• Is it reasonable to assume that the disease tolerance is maintained in future generations, after cross-fertilization with standard oysters?
natural mortality for introduced c ariakensis
Natural Mortality for introducedC. ariakensis
  • Apply tier 3 mortality rates for C.virginica
    • Assume minimal mortality due to Dermo and MSX
    • Assume similar predation mortality as for C.viriginca
    • Sensitivity analysis will involve increased predation mortality due to thinner shells
harvest mortality
Harvest Mortality
  • Exploitation rates by spatial area and year for each alternative
    • Provided by DNR
estimating recruitment for crassostrea ariakensis
Estimating Recruitment for Crassostrea ariakensis
  • The number of eggs produced per oyster by shell height:
  • Based on data from Taylor Hatchery and Allen and Merritt (2004)
estimating recruitment for crassostrea ariakensis1
Estimating Recruitment for Crassostrea ariakensis
  • Estimate the standardized spawning stock:
    • Divide the total number of eggs for spawning stock by the average number of eggs produced by a 77mm C. virginica oyster
  • Apply stock-recruitment function to estimate # spats
    • Assume that cumulative natural mortality from egg to spat (in October) is the same as for C. va
spatial distribution of spat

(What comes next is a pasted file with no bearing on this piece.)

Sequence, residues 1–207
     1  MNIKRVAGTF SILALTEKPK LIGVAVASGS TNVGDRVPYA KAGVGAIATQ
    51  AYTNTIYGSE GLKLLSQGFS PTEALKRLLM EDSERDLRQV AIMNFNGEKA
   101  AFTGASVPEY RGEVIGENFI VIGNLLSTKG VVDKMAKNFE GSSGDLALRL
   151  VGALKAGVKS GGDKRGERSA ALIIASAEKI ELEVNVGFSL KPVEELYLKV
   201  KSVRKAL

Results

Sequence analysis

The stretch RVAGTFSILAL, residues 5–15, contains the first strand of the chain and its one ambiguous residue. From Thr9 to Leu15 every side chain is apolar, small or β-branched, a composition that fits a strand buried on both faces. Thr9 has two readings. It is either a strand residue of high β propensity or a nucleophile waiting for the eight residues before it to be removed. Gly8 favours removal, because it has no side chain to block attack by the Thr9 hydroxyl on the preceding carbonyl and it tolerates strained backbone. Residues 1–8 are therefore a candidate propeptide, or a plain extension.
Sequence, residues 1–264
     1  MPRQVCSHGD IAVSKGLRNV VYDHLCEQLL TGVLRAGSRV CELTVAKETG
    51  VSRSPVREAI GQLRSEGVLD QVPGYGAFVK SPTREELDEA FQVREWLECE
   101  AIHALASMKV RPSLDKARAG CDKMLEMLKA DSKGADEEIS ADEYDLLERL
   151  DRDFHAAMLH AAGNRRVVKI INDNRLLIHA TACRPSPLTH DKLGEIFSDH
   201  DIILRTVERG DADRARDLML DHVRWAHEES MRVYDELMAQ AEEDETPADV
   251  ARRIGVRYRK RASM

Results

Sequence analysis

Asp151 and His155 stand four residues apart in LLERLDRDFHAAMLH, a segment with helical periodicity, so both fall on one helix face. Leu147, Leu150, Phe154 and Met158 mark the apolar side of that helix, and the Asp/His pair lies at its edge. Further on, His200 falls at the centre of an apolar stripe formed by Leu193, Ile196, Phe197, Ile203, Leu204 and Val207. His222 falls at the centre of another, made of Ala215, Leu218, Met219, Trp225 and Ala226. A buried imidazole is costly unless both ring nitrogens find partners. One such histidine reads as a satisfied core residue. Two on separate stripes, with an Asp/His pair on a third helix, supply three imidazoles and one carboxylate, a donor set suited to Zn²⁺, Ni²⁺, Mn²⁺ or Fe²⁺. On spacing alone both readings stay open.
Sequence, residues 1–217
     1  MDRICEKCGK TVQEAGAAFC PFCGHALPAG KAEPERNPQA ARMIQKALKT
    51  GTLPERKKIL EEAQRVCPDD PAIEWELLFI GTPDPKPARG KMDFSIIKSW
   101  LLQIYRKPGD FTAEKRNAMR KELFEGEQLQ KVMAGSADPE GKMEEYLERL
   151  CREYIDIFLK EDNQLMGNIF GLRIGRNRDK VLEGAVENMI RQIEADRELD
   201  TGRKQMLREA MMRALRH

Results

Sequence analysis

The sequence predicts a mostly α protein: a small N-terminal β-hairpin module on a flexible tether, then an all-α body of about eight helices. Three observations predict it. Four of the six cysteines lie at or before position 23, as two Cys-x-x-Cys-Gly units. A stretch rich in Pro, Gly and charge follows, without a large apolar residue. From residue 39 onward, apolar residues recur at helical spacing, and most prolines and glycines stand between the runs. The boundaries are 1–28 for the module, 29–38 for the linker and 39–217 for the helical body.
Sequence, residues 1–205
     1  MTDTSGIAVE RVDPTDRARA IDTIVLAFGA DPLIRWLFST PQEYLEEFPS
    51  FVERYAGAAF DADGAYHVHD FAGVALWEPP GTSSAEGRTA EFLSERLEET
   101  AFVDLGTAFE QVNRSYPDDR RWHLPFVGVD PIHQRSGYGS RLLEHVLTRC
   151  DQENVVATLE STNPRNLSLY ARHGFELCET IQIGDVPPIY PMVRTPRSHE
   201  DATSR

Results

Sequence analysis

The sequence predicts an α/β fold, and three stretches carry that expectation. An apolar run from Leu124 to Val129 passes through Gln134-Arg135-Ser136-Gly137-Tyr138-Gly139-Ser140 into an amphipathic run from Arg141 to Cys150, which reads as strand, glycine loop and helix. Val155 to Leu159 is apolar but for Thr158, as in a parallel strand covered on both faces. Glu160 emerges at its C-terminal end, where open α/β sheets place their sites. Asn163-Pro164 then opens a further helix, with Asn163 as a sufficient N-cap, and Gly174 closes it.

Spatial distribution of spat
  • The larval transport model (North et al.) provides estimates of the spatial distribution of spat that survive from eggs released from each bar in the Chesapeake Bay
starting population of oysters for model projections out to 2015
Starting population of oysters for model projections out to 2015
  • Survey data from 2004 used to define population for C.va:
    • MD survey data used for spatial distribution by size
    • VA survey data by bar
  • Number of stocked oysters & locations by year as provided by agencies
slide36

Linked

Modeling Strategy

North et al.

Juvenile/adult

demographic model

Circulation models

Predictions

river flow

mean

abundance

high

Larval transport

model

low

Settlement at

each oyster bar

time

slide37

Outside suitable habitat:

continue swimming

Larval Transport Settlement Model

Dead

Incorporates habitat data from MD DNR’s Bay Bottom Survey

Inside: settle

Oyster bars in 1980s

Present day oyster bars

Choptank River

(Smith et al. in press)

slide38

Distribution of spat

Particles will be released from 2,000+ habitat polygons in circulation model boundaries

Modeled particle behaviors will be based on C. virginica and C. ariakensis laboratory experiments

Simulations will be conducted with predictions from two Chesapeake Bay hydrodynamic models (ROMS and QUODDY)

Blue line is QUODDY model boundaries